Towards Social and Interpretable Neural Dialog Systems
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CitationSaleh, Abdelrhman. 2020. Towards Social and Interpretable Neural Dialog Systems. Bachelor's thesis, Harvard College.
AbstractOpen-domain dialog generation is a task that challenges machines to mimic human conversations. Despite the remarkable progress natural language generation has seen over the past several years, open-domain dialog systems still suffer from limitations that hinder their adoption in the real world. Systems trained with maximum likelihood often generate dull and repetitive responses, ignoring user input. Training on standard datasets from online forums leads to the generation of inappropriate, biased, or toxic responses. And models rarely exhibit long-term coherence across multiple dialog turns. Meanwhile, the predominant approach to dialog generation relies on black-box neural networks which provide little insight as to what information they learn (or do not learn) about engaging in dialog.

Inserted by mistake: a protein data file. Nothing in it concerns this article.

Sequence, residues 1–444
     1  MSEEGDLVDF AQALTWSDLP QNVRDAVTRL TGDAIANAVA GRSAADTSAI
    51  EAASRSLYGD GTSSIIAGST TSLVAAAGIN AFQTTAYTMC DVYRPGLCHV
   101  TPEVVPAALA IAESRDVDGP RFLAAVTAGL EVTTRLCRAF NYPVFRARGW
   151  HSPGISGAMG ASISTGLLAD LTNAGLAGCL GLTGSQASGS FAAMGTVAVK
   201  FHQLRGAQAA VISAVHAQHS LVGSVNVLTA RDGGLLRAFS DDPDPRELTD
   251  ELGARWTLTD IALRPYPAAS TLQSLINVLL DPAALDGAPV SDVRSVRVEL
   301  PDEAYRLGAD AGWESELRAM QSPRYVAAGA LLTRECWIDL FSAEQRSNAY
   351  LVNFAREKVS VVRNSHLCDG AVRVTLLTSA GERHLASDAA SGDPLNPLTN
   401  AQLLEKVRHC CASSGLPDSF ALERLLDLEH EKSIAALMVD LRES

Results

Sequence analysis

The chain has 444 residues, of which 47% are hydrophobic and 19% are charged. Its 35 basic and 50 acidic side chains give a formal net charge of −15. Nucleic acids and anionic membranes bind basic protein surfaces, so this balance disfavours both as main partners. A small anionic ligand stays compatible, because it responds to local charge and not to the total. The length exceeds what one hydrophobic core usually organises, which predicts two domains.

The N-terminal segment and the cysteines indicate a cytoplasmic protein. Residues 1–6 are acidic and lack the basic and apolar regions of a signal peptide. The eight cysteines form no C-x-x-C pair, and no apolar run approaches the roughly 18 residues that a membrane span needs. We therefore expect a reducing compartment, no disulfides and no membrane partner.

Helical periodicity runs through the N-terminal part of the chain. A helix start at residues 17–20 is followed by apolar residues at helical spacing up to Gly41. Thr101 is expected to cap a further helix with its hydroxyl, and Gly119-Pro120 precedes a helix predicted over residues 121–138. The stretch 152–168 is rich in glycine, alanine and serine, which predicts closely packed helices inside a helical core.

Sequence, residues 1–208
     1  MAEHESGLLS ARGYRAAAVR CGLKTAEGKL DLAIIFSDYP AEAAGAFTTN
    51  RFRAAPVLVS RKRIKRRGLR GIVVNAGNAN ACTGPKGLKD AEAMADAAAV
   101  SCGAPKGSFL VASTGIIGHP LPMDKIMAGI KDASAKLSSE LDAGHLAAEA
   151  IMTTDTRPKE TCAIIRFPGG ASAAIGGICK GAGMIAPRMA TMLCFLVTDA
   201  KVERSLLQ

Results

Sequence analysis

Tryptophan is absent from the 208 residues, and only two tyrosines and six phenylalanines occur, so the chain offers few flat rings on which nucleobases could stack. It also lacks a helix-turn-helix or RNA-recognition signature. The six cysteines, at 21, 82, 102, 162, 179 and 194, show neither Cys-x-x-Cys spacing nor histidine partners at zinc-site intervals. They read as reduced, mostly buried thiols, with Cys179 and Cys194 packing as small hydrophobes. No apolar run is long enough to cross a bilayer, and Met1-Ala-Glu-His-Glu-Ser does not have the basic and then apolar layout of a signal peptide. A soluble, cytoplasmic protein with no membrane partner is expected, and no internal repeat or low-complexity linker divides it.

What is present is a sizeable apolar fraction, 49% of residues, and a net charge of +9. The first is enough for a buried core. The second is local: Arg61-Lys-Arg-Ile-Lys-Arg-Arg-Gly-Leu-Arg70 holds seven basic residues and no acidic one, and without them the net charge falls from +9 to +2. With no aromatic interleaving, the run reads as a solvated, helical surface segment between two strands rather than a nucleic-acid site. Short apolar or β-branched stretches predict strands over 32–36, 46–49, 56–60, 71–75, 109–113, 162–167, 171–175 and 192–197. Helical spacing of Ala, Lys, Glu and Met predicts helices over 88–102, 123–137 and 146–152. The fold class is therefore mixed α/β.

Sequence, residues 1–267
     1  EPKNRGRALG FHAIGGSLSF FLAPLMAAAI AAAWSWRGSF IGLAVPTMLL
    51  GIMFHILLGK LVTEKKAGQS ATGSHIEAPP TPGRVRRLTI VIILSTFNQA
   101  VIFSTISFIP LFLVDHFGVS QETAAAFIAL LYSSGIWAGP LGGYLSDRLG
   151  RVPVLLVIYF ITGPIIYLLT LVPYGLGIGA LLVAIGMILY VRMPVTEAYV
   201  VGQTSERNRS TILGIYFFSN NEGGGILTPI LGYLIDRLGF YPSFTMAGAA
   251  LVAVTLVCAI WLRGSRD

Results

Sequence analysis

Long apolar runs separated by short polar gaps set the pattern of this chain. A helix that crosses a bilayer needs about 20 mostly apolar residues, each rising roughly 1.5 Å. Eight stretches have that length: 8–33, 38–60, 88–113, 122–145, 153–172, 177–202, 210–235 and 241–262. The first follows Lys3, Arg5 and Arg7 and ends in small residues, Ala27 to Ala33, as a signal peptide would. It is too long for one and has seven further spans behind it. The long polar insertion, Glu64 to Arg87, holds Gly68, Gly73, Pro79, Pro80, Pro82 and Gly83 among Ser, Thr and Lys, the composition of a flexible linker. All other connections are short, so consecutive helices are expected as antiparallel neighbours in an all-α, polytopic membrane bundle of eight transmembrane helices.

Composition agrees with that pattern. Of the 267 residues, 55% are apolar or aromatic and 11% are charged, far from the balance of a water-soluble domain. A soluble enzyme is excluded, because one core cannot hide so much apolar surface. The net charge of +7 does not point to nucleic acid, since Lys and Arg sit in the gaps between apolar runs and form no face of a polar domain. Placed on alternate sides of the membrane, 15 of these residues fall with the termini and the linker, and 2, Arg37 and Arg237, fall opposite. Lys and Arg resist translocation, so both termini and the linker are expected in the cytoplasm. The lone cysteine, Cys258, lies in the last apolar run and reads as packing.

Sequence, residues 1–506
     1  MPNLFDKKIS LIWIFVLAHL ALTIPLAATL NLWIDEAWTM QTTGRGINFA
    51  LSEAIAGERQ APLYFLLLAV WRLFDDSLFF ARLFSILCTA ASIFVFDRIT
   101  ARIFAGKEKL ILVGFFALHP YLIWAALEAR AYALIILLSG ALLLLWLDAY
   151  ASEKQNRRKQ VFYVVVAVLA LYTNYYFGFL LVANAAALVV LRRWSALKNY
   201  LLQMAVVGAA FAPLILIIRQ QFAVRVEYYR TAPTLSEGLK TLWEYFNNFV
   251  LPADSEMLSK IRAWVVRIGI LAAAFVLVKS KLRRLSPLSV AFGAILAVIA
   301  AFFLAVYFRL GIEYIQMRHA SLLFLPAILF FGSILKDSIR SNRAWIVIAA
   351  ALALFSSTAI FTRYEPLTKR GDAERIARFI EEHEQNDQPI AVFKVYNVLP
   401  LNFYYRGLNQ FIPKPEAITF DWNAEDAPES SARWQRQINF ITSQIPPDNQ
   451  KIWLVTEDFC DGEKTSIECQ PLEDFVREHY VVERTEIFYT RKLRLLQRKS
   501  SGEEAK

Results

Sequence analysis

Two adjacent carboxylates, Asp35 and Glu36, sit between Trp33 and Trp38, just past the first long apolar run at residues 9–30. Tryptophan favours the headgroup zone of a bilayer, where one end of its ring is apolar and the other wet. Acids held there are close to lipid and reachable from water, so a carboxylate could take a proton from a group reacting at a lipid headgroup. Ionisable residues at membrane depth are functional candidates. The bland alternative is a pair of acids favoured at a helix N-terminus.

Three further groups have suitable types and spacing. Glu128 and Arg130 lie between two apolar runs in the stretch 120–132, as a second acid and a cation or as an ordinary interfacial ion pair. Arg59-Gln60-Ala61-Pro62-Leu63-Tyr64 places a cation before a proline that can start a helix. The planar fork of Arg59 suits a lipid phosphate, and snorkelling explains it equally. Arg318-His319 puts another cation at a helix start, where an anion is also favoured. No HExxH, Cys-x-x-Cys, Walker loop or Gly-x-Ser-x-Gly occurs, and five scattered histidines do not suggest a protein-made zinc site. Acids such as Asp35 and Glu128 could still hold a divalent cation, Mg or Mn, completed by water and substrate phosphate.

In light of these issues, this thesis makes two contributions to building social and interpretable dialog systems. The first part of this thesis proposes a novel reinforcement learning approach for improving the social capabilities of open-domain dialog systems. We optimize for human-centered objectives such as response politeness, diversity, coherence, and sentiment. Our interactive human evaluation shows that these objectives can improve the quality of human-AI interaction and increase user engagement.
The second part of this thesis investigates the conversational understanding captured by neural dialog systems using probing. Our results suggest that standard open-domain dialog systems struggle with basic skills such as answering questions, inferring contradiction, and determining the topic of conversation. We also find that the dyadic, turn-taking nature of dialog is not fully leveraged by these models. By exploring these limitations, we highlight the need for additional research into architectures and training methods that can allow for capturing high-level information about natural language.
Citable link to this pagehttps://nrs.harvard.edu/URN-3:HUL.INSTREPOS:37364753
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